Secrets of a portrait master
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Secrets of a portrait master

Watch a portrait master in action.

Being perfectly still is harder than it looks and in the digital age the art of sitting for a portrait is almost a forgotten skill.

But now the foyer of the National Portrait Gallery has been tuned into a digital studio with artist Tony Curran using an i-pad to draw anyone who sits in a brown chair in front of him.

The interactive work will see Curran return every day for 33 days- Friday was day 24.

So far he has ‘‘completed’’ more than 140 portraits. The work As Long As You’re Here, is part of Curran’s PhD research.

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‘‘I draw for as long as the person wants to sit...theoretically a portrait is never done, there is always more to do,’’ Curran said.

He said the most common question from his subjects was ‘‘Is it done?’’

‘‘It’s done when the subject says it’s done.’’

One subject who was still sitting when the gallery closed at 5pm returned the next morning wearing the same clothes to have the portrait ‘‘completed’’.

‘‘I’ve had people sit for as long as three hours or as short as five minutes,’’ Curran said.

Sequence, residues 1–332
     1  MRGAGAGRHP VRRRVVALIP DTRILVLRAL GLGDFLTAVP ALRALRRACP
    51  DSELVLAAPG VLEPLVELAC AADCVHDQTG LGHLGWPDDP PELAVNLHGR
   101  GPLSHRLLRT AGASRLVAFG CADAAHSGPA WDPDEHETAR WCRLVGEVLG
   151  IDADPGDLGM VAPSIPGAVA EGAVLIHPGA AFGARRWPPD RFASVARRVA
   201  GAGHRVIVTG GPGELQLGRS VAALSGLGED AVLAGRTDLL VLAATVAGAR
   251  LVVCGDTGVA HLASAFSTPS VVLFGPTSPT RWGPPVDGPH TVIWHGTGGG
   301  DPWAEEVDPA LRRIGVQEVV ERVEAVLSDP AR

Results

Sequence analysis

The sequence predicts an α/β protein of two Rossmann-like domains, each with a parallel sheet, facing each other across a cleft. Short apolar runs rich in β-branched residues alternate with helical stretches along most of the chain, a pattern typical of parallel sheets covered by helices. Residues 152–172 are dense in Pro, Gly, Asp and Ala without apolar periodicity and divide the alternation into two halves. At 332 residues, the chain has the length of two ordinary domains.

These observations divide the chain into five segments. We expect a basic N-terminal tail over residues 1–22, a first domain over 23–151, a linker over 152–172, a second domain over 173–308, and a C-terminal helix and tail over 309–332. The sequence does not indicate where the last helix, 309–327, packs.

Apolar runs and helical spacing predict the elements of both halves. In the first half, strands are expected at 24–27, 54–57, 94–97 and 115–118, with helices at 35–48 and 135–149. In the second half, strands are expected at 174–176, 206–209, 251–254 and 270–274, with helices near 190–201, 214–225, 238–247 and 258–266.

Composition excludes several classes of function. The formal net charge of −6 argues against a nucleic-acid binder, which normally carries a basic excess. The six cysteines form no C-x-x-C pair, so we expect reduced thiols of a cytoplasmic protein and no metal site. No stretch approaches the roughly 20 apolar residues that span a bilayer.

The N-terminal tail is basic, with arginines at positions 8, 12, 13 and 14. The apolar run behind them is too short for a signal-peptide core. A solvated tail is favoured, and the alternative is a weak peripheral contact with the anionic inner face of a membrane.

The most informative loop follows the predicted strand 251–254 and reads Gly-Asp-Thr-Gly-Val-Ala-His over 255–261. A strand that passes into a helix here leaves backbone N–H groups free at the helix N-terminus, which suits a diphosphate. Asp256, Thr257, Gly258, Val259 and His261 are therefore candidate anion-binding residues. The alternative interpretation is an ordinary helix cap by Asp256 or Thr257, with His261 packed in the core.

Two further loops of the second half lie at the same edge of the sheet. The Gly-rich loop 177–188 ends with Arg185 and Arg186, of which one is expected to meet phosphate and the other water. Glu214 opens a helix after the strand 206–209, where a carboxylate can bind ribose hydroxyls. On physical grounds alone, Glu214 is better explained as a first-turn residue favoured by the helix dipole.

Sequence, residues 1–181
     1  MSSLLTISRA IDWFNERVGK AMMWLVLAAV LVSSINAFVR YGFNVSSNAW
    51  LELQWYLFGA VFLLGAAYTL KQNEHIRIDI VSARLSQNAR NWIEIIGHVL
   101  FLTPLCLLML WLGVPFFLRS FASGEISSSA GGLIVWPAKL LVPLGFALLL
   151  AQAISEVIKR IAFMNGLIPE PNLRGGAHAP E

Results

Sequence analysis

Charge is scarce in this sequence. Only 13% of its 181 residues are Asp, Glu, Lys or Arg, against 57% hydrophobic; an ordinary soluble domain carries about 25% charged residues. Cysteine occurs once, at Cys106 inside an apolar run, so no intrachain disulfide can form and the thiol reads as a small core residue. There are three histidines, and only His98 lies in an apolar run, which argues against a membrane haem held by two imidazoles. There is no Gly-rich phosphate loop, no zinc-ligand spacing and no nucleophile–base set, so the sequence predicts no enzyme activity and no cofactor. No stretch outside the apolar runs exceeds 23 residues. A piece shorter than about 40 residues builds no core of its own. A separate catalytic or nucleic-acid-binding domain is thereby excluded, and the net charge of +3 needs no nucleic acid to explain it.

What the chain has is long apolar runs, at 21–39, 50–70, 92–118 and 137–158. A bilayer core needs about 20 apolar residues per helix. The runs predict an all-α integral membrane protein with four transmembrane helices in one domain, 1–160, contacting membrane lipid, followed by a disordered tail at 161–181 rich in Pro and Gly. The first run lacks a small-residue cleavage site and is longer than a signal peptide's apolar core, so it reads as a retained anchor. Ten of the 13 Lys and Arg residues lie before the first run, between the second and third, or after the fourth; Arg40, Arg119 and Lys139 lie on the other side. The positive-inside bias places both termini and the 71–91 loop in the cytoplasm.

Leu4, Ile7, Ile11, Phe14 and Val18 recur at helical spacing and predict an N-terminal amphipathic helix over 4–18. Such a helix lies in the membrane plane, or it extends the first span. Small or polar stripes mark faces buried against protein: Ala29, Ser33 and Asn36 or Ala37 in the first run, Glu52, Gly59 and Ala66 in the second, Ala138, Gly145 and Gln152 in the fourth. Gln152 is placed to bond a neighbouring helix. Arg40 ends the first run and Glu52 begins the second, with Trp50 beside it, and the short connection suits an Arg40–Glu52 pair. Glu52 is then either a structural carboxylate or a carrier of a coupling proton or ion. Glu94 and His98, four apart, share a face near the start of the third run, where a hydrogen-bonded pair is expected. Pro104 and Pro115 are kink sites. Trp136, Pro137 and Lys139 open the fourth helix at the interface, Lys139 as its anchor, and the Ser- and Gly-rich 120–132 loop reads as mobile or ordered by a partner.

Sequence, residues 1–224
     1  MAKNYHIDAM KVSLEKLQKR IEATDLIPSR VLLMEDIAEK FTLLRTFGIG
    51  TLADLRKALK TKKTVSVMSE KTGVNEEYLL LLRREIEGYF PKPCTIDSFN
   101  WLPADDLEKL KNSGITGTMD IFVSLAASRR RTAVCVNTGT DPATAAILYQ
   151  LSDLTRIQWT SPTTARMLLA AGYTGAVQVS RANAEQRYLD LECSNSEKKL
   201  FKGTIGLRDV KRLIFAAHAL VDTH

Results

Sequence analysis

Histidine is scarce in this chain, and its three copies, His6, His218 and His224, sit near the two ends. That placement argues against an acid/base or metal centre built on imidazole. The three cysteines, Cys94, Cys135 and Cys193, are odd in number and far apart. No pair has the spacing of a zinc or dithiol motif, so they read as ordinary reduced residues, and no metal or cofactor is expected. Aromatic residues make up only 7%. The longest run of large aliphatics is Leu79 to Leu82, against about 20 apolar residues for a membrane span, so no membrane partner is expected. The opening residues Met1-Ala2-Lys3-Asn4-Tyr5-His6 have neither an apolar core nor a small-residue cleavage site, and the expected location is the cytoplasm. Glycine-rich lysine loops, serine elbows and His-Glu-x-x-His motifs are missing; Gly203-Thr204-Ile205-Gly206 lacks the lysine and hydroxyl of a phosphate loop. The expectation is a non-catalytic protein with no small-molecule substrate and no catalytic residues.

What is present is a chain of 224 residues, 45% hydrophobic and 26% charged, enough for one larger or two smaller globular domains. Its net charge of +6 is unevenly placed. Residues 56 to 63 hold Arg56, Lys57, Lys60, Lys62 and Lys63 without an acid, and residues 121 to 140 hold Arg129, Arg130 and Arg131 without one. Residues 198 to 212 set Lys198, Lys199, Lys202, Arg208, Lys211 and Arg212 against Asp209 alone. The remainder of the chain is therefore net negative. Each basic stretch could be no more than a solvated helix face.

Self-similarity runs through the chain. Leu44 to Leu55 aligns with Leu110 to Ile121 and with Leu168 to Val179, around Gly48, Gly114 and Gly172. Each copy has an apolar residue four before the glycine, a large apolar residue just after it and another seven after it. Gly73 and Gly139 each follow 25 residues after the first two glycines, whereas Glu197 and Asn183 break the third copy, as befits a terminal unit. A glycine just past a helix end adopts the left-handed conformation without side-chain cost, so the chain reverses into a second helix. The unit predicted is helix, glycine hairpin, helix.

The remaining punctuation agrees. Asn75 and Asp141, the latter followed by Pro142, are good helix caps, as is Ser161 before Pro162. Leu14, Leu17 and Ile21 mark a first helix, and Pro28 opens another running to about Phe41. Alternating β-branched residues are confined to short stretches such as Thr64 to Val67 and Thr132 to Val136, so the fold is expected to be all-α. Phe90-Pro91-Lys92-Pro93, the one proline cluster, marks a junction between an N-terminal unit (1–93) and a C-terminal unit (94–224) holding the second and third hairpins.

About 70 per cent of the subjects have been women.

‘‘I think that reflects the gender divide at gallery audiences.’’

And it’s a bargain- at a recent Sydney exhibition Curran’s digital portraits were selling for $1650, while those attending the NPA are emailed a copy of the work for free.

Richard Miller, 63, from Brisbane visited the National Portrait Gallery on Thursday. The line for a portrait was too long so he returned the next morning.

‘‘It’s just serendipity... I’ve never had my portrait done and it will be wonderful for the kids,’’ Mr Miller said.

Curran started using his i-pad as easel, paints and brush about 18 months ago.

‘‘I was working on a portrait for someone in Sydney and I was living in Wagga Wagga- carrying around paints was impractical.’’

He said the juxtaposition of a dry portraiture and new forms of contemporary art intrigued him.

Curran is self-funding the project at the gallery. He finishes the work at 5pm on Sunday November 10, but will be at the gallery every day between 10am to 1pm and 2pm to 5pm until then.

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